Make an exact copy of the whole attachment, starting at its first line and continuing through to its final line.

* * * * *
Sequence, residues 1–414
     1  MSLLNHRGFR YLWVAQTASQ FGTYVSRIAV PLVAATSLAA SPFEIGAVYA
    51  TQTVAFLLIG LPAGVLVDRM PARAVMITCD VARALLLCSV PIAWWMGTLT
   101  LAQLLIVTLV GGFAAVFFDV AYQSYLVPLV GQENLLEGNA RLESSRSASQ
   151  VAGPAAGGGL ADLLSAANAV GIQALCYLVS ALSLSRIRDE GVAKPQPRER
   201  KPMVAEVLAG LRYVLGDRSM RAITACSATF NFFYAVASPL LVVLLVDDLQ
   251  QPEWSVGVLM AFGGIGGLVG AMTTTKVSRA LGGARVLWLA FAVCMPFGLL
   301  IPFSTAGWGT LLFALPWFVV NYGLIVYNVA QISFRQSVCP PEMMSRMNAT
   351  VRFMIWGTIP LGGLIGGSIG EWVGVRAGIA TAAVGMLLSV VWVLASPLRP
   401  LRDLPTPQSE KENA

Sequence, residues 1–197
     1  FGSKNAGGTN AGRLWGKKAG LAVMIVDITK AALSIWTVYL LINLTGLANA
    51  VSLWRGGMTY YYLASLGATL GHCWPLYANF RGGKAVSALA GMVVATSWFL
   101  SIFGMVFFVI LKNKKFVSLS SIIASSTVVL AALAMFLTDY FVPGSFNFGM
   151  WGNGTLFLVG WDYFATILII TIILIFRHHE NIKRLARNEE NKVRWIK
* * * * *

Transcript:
Sequence, residues 1–414
     1  MSLLNHRGFR YLWVAQTASQ FGTYVSRIAV PLVAATSLAA SPFEIGAVYA
    51  TQTVAFLLIG LPAGVLVDRM PARAVMITCD VARALLLCSV PIAWWMGTLT
   101  LAQLLIVTLV GGFAAVFFDV AYQSYLVPLV GQENLLEGNA RLESSRSASQ
   151  VAGPAAGGGL ADLLSAANAV GIQALCYLVS ALSLSRIRDE GVAKPQPRER
   201  KPMVAEVLAG LRYVLGDRSM RAITACSATF NFFYAVASPL LVVLLVDDLQ
   251  QPEWSVGVLM AFGGIGGLVG AMTTTKVSRA LGGARVLWLA FAVCMPFGLL
   301  IPFSTAGWGT LLFALPWFVV NYGLIVYNVA QISFRQSVCP PEMMSRMNAT
   351  VRFMIWGTIP LGGLIGGSIG EWVGVRAGIA TAAVGMLLSV VWVLASPLRP
   401  LRDLPTPQSE KENA

Sequence, residues 1–197
     1  FGSKNAGGTN AGRLWGKKAG LAVMIVDITK AALSIWTVYL LINLTGLANA
    51  VSLWRGGMTY YYLASLGATL GHCWPLYANF RGGKAVSALA GMVVATSWFL
   101  SIFGMVFFVI LKNKKFVSLS SIIASSTVVL AALAMFLTDY FVPGSFNFGM
   151  WGNGTLFLVG WDYFATILII TIILIFRHHE NIKRLARNEE NKVRWIK